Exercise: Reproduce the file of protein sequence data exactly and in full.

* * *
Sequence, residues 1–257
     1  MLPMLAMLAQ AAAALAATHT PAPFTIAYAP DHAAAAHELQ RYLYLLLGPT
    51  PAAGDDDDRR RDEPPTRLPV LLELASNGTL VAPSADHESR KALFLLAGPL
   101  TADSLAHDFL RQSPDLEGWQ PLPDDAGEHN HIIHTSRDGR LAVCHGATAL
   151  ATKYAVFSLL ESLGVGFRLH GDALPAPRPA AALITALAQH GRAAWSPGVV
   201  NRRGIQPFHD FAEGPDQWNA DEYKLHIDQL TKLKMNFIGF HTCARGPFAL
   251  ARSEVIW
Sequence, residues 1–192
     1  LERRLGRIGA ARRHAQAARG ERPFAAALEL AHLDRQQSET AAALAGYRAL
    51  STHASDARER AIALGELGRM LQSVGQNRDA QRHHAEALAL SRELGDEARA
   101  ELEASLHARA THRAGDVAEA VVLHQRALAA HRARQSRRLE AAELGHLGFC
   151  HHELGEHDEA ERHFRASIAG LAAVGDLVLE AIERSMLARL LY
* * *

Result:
Sequence, residues 1–257
     1  MLPMLAMLAQ AAAALAATHT PAPFTIAYAP DHAAAAHELQ RYLYLLLGPT
    51  PAAGDDDDRR RDEPPTRLPV LLELASNGTL VAPSADHESR KALFLLAGPL
   101  TADSLAHDFL RQSPDLEGWQ PLPDDAGEHN HIIHTSRDGR LAVCHGATAL
   151  ATKYAVFSLL ESLGVGFRLH GDALPAPRPA AALITALAQH GRAAWSPGVV
   201  NRRGIQPFHD FAEGPDQWNA DEYKLHIDQL TKLKMNFIGF HTCARGPFAL
   251  ARSEVIW
Sequence, residues 1–192
     1  LERRLGRIGA ARRHAQAARG ERPFAAALEL AHLDRQQSET AAALAGYRAL
    51  STHASDARER AIALGELGRM LQSVGQNRDA QRHHAEALAL SRELGDEARA
   101  ELEASLHARA THRAGDVAEA VVLHQRALAA HRARQSRRLE AAELGHLGFC
   151  HHELGEHDEA ERHFRASIAG LAAVGDLVLE AIERSMLARL LY